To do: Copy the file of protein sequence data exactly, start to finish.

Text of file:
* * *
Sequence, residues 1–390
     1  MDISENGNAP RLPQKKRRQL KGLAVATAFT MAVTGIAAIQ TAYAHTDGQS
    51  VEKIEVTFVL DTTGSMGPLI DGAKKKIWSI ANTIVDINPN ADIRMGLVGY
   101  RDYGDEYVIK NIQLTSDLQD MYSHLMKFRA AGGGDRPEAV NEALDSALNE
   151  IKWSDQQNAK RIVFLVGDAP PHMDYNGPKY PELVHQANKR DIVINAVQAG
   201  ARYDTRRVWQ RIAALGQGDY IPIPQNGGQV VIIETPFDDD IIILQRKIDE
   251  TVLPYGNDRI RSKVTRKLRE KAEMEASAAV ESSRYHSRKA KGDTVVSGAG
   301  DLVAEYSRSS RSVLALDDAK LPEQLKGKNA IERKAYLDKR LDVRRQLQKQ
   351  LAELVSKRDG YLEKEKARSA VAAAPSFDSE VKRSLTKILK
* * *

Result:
Sequence, residues 1–390
     1  MDISENGNAP RLPQKKRRQL KGLAVATAFT MAVTGIAAIQ TAYAHTDGQS
    51  VEKIEVTFVL DTTGSMGPLI DGAKKKIWSI ANTIVDINPN ADIRMGLVGY
   101  RDYGDEYVIK NIQLTSDLQD MYSHLMKFRA AGGGDRPEAV NEALDSALNE
   151  IKWSDQQNAK RIVFLVGDAP PHMDYNGPKY PELVHQANKR DIVINAVQAG
   201  ARYDTRRVWQ RIAALGQGDY IPIPQNGGQV VIIETPFDDD IIILQRKIDE
   251  TVLPYGNDRI RSKVTRKLRE KAEMEASAAV ESSRYHSRKA KGDTVVSGAG
   301  DLVAEYSRSS RSVLALDDAK LPEQLKGKNA IERKAYLDKR LDVRRQLQKQ
   351  LAELVSKRDG YLEKEKARSA VAAAPSFDSE VKRSLTKILK